The prejudices of the second species, since they impose upon the intellect by the sensual conditions restricting the mind if it wishes in certain cases to attain to what is intellectual, lurk more deeply. One of them is that which affects knowledge of quantity, the other that affecting knowledge of qualities generally. The former is: every actual multiplicity can be given numerically, and hence, every infinite quantity; the latter, whatever is impossible contradicts itself. In either of them the concept of time, it is true, does not enter into the very notion of the predicate, nor is it attributed as a qualification to the subject. But yet it serves as a means for forming an idea of the predicate, and thus, being a condition, affects the intellectual concept of the subject to the extent that the latter is only attained by its aid.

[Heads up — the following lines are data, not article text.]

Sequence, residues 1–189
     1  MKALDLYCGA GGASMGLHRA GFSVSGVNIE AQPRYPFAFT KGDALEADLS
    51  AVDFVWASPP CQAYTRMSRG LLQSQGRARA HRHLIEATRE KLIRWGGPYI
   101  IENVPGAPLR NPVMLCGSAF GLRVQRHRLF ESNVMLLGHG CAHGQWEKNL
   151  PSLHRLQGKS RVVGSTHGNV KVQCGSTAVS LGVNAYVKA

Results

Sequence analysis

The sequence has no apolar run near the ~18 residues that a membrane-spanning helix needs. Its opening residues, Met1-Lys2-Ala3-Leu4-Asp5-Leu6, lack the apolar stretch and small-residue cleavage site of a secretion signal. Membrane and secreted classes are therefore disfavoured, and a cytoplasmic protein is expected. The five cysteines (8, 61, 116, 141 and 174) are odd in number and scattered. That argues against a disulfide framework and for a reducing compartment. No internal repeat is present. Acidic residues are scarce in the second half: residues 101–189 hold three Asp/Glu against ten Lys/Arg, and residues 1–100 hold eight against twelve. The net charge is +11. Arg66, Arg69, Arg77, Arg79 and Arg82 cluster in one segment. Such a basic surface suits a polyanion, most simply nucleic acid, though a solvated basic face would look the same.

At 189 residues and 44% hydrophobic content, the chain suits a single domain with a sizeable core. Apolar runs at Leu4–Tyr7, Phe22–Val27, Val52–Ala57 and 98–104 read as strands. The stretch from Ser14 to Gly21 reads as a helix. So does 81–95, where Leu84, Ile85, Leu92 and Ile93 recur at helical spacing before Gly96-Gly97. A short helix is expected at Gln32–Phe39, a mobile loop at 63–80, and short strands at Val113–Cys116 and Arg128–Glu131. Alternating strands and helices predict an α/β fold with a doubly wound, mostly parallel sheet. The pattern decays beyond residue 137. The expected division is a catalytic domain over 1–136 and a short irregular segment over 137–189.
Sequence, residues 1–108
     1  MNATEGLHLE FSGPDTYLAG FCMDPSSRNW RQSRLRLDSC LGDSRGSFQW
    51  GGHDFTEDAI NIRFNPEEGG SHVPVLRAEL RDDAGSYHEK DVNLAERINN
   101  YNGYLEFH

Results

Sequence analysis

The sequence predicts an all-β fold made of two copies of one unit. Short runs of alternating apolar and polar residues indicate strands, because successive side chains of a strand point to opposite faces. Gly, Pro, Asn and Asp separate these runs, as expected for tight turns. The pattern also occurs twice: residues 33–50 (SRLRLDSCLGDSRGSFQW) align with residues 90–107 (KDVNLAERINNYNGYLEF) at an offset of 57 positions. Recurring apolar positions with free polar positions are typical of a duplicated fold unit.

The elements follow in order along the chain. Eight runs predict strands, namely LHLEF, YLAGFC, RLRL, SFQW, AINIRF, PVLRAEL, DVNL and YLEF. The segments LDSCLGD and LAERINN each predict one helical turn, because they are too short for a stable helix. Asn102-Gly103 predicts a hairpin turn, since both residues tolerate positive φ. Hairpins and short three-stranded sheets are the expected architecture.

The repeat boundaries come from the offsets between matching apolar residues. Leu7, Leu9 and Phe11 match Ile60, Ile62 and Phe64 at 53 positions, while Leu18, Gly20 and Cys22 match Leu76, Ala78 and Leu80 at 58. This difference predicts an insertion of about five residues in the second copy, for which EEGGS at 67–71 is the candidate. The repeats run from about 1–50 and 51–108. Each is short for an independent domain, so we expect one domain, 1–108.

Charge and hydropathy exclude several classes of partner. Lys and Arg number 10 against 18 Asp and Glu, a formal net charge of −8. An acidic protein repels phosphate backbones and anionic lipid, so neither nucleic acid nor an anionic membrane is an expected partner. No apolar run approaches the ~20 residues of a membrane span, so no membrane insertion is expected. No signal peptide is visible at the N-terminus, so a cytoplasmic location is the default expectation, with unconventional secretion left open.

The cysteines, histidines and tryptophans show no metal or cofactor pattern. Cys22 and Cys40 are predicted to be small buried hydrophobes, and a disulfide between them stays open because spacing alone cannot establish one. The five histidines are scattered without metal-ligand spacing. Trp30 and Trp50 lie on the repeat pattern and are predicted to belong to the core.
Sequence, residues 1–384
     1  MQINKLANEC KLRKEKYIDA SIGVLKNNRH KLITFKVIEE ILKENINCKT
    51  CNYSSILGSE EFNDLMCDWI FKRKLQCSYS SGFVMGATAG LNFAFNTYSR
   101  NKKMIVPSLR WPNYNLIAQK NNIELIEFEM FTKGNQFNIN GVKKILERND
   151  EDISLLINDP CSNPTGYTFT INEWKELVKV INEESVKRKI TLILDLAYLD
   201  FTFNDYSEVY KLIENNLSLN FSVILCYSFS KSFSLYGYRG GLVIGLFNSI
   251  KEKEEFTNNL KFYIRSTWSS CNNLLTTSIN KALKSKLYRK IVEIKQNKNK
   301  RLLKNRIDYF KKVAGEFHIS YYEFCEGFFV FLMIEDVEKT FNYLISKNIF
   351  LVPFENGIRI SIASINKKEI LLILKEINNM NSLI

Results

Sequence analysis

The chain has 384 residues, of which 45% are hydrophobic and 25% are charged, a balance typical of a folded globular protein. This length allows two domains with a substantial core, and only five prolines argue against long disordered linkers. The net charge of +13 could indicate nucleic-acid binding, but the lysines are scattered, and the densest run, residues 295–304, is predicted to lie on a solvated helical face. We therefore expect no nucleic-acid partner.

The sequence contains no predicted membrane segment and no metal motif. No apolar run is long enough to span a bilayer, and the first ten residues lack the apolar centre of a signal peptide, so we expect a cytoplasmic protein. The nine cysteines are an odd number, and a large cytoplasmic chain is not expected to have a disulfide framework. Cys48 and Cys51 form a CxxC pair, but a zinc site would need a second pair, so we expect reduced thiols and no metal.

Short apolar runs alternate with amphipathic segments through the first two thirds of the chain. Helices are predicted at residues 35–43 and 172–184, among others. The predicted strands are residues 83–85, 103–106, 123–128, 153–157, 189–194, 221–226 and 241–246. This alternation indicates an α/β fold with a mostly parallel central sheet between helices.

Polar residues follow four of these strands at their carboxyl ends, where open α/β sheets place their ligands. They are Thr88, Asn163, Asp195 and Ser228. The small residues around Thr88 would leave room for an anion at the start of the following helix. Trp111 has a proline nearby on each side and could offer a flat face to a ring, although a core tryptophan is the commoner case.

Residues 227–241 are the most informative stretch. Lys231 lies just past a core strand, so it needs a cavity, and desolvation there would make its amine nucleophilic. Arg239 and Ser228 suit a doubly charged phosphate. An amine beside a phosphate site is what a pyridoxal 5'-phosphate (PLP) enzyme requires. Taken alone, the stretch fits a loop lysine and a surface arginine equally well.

As to the first, as every quantity and any series whatever are distinctly known only by successive co-ordination, the intellectual concept of amount and multiplicity arises only by the aid of this concept of time, and never attains to completeness unless the synthesis can be gone through with in finite time. It is hence that the infinite series of co-ordinate things cannot be comprehended distinctly according to the limits of our intellect; it hence by the fallacy of subreption seems impossible. According to the laws of pure intellect any series of effects has its principle, that is, there is not given in a series of effects a regress without a limit; whilst according to sensual laws any series of co-ordinate things has its assignable beginning. These propositions, the latter of which involves the mensurability of the series, the former the dependence of the whole, are taken hastily for identical. In the same way, to the argument of the intellect, proving that a substantial composite being given so are the elements of composition, that is, the simple things, there is adjoined a supposititious one suborned from sensual knowledge, namely, that in such a composite there is not given an infinite regress in the composition of the parts, that is to say, that in any composite there is given a definite number of parts, a sense certainly not germane to the former, and hence substituted rashly for it. For that the quantity of the world is limited, not the maximum, that it owns a principle, that bodies consist of simple parts, can certainly be cognized rationally. But that the universe as to its mass is mathematically finite, that its age as elapsed can be given by measure, that the number of simple parts constituting any body whatever is a definite number, are propositions openly proclaiming their origin from the nature of sensual knowledge; however true they may be held to be, they bear the undoubted stigma of their origin.